Due to their retrotransposition mechanism, retrotransposons amplify in number quickly, composing 40% of the human genome. The insertion rates for LINE1, Alu and SVA elements are 1/200 – 1/20, 1/20 and 1/900 respectively. The LINE1 insertion rates have varied a lot over the past 35 million years, so they indicate points in genome evolution.

Notably a large number of 100 kilobases in the maize genome show variety due to the presence or absence of retrotransposons. However since maize is unusually genetically compared to other plants it cannot be used to predict retrotransposition in other plants.

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Extended Data Fig. 1 Distribution of genome sizes (GS).

Distribution of genome sizes (GS) in (a) 10,770 angiosperms (out of c. 350,000 known species) (b) 506 gymnosperms (out of c. 1,000 known species).

Extended Data Fig. 2 Genome proportion of the different classes of repeats.

Genome proportion of the different classes of repeats based on copy number fitted against ln-transformed genome size. The grey regression lines show estimated trends for all 101 species fitted with a beta regression (see also Supplementary Table 4). Orange lines show the estimated slope from phylogenetic least squares (PGLS) using a phylogeny with proportional branch lengths (phy P) fitted with an Ornstein–Uhlenbeck process. We also tested a phylogeny with branch lengths transformed to a cladogram (phy C), and results were similar to this PGLS (not shown).

Extended Data Fig. 3 Transposable element analysis of 77 seed plant species.

Analysis of 77 seed plant species (69 angiosperms (1 early-diverging angiosperm, 53 eudicots, 15 monocots) and eight gymnosperms) showing how the proportion of the genome occupied by transposable element-related protein coding domains varies with ln-transformed genome size. The regression lines show the slopes estimated from a beta regression, and from a PGLS with an Ornstein–Uhlenbeck process. The regression line of the graph is similar to that seen for the whole repetitive fraction (see Extended Data Fig. 2a).

Extended Data Fig. 4 Genome proportion of repeats in eudicots, monocots and gymnosperms.

Genome proportion of repeats in four categories (sequences ≤ 20 copies, low (21–500), middle (501–10,000) and high (>10,000) copy sequences fitted against ln-transformed genome size, separately for eudicots, monocots and gymnosperms. See also Supplementary Table 4, which shows significant relationships in these datasets.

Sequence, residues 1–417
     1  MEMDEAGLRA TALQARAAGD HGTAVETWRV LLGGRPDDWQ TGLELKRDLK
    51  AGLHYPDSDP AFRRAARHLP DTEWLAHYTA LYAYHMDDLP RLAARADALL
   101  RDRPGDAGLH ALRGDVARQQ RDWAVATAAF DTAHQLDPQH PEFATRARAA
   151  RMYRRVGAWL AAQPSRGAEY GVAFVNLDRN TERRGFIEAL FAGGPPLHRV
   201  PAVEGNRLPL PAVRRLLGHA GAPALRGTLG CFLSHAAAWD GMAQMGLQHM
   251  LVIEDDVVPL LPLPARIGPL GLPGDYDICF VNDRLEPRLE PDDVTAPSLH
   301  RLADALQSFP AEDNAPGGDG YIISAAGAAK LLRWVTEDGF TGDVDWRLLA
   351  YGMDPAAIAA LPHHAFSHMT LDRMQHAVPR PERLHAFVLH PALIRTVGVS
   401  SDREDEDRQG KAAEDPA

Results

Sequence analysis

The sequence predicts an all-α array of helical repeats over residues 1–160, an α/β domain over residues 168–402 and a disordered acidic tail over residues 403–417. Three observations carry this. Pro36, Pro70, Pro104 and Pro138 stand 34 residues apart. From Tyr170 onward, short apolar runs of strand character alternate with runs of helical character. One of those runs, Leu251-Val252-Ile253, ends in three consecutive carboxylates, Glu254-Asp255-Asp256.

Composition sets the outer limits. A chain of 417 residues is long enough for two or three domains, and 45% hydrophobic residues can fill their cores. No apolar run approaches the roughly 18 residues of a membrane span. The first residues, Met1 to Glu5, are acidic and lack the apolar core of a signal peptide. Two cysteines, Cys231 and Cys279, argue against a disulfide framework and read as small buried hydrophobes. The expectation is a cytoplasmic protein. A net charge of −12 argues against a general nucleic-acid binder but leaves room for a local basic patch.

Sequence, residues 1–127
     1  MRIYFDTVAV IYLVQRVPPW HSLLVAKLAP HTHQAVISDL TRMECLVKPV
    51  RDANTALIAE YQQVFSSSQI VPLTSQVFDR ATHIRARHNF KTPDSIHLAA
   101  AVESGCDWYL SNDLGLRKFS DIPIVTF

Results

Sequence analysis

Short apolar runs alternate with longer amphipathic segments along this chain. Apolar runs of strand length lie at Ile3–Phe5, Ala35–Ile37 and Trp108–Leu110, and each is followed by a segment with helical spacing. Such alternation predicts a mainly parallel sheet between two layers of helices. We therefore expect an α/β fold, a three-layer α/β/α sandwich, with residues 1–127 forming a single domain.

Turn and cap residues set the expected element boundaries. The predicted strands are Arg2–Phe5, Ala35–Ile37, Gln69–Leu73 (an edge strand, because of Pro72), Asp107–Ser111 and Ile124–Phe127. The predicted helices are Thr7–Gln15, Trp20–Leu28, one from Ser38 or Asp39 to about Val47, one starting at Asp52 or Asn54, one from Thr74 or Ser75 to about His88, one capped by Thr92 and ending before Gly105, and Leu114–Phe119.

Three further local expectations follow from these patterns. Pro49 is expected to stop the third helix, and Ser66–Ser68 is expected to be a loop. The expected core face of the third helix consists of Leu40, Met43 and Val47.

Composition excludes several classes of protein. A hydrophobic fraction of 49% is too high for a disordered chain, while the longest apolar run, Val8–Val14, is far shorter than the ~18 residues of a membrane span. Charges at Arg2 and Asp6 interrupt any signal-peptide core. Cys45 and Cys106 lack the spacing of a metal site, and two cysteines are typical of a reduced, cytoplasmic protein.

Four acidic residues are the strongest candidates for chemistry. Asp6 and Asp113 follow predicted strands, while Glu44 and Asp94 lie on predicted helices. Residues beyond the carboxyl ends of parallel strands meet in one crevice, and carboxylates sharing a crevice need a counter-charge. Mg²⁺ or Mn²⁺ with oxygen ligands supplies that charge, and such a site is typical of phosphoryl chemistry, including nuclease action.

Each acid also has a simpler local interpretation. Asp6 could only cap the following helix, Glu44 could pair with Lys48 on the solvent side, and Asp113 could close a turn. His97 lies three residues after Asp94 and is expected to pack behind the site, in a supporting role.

Physical Maps

A physical map provides detail of the actual physical distance between genetic markers, as well as the number of nucleotides. There are three methods used to create a physical map: cytogenetic mapping, radiation hybrid mapping, and sequence mapping. Cytogenetic mapping uses information obtained by microscopic analysis of stained sections of the chromosome (Figure 2). It is possible to determine the approximate distance between genetic markers using cytogenetic mapping, but not the exact distance (number of base pairs). Radiation hybrid mapping uses radiation, such as x-rays, to break the DNA into fragments. The amount of radiation can be adjusted to create smaller or larger fragments. This technique overcomes the limitation of genetic mapping and is not affected by increased or decreased recombination frequency. Sequence mapping resulted from DNA sequencing technology that allowed for the creation of detailed physical maps with distances measured in terms of the number of base pairs. The creation of genomic libraries and complementary DNA (cDNA) libraries (collections of cloned sequences or all DNA from a genome) has sped up the process of physical mapping. A genetic site used to generate a physical map with sequencing technology (a sequence-tagged site, or STS) is a unique sequence in the genome with a known exact chromosomal location. An expressed sequence tag (EST) and a single sequence length polymorphism (SSLP) are common STSs. An EST is a short STS that is identified with cDNA libraries, while SSLPs are obtained from known genetic markers and provide a link between genetic maps and physical maps.

/>Figure 1: This is a physical map of the human X chromosome. (credit: modification of work by NCBI, NIH)

Analysis of Simple Sequence Repeats in Genomes of Rhizobia

Simple sequence repeats (SSRs) or microsatellites, as genetic markers, are ubiquitous in genomes of various organisms. The analysis of SSR in rhizobia genome provides useful information for a variety of applications in population genetics of rhizobia. We analyzed the occurrences, relative abundance, and relative density of SSRs, the most common in Bradyrhizobium japonicum, Mesorhizobium loti, and Sinorhizobium meliloti genomes sequenced in the microorganisms tandem repeats database, and SSRs in the three species genomes were compared with each other. The result showed that there were 1 410, 859, and 638 SSRs in B. japonicum, M. loti, and S. meliloti genomes, respectively. In the genomes of B. japonicum, M. loti, and S. meliloti, tetranucleotide, pentanucleotide, and hexanucleotide repeats were more abundant and indicated higher mutation rates in these species. The least abundance was mononucleotide repeat. The SSRs type and distribution were similar among these species.